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Quoth the Critics, Nevermore.

Criticwire By Matt Singer | Criticwire April 27, 2012 at 9:25AM

Once upon a midnight dreary, while I pondered, weak and weary, what to write about on Criticwire the following morning suddenly there came a tapping, as of some one gently rapping, rapping at my chamber door. Then I realized it was just my dog asking to go out. Kind of killed the whole mood.
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"The Raven"
Relativity "The Raven"

Once upon a midnight dreary, while I pondered, weak and weary, what to write about on Criticwire the following morning suddenly there came a tapping, as of some one gently rapping, rapping at my chamber door. Then I realized it was just my dog asking to go out. Kind of killed the whole mood.

After alleviating the business at hand (or paw), I realized that today's release of "The Raven," starring John Cusack as famous poet turned private detective Edgar Allan Poe, offered a unique opportunity for critics. Everyone knows "The Raven," and everyone can quote its most famous line: "Quoth the raven, nevermore." Ah but quot(h)ing it is easy. Incorporating it into a review, that takes a bit more skill. Here, now, the finest uses of that great line in "The Raven" reviews. I realize this post will soon be forgotten as a quaint and curious volume of forgotten lore. But until then:

David Germain, Associated Press:

"It's just a bore; quoth the raven, 'Go see something else.'"

Joe Lozito, Big Picture Big Sound:

"[The film] would have benefited from a director who could have said nevermore."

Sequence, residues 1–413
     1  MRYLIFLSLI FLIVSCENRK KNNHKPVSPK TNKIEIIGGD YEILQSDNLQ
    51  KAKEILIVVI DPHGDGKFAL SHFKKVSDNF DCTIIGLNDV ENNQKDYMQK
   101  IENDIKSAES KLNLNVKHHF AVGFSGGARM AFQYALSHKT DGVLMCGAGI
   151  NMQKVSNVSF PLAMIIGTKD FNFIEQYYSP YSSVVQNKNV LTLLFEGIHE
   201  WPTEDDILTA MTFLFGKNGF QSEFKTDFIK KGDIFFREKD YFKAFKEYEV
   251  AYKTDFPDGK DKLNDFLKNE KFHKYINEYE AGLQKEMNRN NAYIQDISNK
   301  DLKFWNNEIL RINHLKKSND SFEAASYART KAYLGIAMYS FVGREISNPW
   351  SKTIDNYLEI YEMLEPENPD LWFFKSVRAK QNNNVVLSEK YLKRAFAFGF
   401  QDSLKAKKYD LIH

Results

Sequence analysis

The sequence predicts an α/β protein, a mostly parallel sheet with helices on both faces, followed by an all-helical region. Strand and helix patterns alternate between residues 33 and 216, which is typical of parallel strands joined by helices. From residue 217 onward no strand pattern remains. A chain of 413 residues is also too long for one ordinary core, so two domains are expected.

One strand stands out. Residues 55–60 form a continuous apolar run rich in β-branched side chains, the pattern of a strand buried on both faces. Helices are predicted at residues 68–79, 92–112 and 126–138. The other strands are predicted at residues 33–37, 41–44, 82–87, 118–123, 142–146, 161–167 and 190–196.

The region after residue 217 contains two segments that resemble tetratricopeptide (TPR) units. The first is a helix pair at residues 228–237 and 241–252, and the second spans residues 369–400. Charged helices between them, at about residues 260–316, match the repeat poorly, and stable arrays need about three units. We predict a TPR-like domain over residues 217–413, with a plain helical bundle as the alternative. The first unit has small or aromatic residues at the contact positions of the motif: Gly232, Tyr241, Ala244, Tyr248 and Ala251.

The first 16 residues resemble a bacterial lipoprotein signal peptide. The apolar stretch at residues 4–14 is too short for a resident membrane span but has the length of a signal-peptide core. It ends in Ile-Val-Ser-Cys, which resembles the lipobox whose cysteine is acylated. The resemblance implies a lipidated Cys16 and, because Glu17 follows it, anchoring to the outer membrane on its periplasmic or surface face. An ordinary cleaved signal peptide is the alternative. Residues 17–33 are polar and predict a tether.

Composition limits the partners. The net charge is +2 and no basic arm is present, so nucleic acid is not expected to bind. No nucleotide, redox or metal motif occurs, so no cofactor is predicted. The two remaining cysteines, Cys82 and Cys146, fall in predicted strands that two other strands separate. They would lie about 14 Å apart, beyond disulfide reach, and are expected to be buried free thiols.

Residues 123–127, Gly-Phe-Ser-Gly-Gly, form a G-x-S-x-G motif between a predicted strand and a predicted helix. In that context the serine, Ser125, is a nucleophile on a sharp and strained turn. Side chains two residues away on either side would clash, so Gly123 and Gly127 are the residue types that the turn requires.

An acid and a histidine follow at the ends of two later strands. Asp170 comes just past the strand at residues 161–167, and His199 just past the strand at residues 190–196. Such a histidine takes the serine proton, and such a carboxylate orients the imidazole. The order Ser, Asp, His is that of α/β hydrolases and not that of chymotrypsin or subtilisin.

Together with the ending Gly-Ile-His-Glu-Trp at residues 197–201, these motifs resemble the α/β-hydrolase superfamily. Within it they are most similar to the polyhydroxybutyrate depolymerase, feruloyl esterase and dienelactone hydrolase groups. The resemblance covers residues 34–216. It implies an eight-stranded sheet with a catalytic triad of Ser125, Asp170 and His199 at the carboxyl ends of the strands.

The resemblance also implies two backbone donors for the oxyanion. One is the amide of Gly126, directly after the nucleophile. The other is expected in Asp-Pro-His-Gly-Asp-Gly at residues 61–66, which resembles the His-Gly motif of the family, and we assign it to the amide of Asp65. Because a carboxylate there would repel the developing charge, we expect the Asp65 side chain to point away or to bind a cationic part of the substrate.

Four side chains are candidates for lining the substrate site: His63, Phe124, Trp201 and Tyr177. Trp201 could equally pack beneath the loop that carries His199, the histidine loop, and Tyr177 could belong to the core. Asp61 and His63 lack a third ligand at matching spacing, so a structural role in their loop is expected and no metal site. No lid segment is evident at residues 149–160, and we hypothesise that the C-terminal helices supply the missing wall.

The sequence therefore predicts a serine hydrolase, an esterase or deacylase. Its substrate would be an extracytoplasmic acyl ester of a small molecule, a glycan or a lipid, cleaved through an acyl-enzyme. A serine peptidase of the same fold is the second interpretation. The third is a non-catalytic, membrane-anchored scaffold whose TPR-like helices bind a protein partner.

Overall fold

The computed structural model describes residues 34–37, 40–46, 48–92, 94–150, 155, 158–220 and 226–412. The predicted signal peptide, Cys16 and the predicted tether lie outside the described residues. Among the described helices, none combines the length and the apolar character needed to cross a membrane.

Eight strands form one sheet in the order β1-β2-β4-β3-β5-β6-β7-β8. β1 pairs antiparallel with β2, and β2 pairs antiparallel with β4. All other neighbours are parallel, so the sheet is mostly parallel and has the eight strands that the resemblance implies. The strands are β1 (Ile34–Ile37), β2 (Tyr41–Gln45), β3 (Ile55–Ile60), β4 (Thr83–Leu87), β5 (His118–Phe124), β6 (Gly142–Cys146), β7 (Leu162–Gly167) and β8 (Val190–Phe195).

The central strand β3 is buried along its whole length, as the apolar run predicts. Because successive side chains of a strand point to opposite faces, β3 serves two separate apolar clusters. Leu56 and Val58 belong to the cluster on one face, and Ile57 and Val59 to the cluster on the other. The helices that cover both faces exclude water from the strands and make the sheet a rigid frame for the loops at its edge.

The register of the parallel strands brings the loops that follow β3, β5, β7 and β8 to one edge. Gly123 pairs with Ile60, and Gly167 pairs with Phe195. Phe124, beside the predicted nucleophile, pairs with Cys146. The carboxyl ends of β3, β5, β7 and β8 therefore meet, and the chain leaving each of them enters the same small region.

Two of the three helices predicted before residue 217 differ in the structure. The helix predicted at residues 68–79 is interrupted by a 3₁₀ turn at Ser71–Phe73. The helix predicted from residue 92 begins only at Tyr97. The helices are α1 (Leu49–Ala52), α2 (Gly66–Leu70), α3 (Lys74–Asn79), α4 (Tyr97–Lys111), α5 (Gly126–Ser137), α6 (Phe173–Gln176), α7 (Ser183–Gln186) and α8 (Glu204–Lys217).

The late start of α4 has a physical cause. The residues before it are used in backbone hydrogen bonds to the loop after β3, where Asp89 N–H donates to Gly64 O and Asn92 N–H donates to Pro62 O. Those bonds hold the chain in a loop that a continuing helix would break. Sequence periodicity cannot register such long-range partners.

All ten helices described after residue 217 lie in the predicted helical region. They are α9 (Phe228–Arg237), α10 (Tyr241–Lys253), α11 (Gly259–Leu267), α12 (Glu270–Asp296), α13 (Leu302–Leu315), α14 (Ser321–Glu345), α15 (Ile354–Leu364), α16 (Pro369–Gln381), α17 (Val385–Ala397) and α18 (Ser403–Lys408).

Joe Neuimaier, New York Daily News:

"But [the] villain... still dresses like The Shadow, while people say things like 'Poe, you’ve done it again!' and 'The ways of God and men, as in Providence, is not our way.' Okay. After that, we’ll quote 'The Raven,' nevermore."

Michael Phillips, Chicago Tribune:

"Quoth the raven: 'Eh.'"

Claudia Puig, USA Today:

"It's tempting to simply say 'nevermore' about 'The Raven.'"

Leah Rozen, TheWrap:

"The raven had it right in Edgar Allan Poe’s most famous poem. 'Nevermore' is precisely what filmgoers will be vowing after sitting through 'The Raven.'"

Jay Stone, Vancouver Sun:

"There's a scene in the unhinged Edgar Allan Poe thriller, 'The Raven' -- and it's not too soon, I don't think, to say 'Nevermore' -- when a man is strapped to a table by a mysterious assassin.

Dr. Frank Swietek, One Guy's Opinion:

"Quoth this critic: It’s a bore."

Chris Tookey, The Daily Mail:

"The title echoes Poe’s most famous poem - and the only sensible response is a horrified cry of ‘Nevermore!’"

And, in humble recognition of the one critic who went the extra mile and threw in a "quoth" and a "nevermore" --

Peter Howell, Toronto Star:

"What was Poe doing that made him ponder, weak and weary? Why, quoth 'The Raven,' he was chasing a serial killer who was perpetuating ghastly crimes inspired by the horror master’s vivid imagination and fleet pen."

and:

"Should he ever again attempt drama after this? Nevermore!"

This article is related to: The Raven, Barbed Wire


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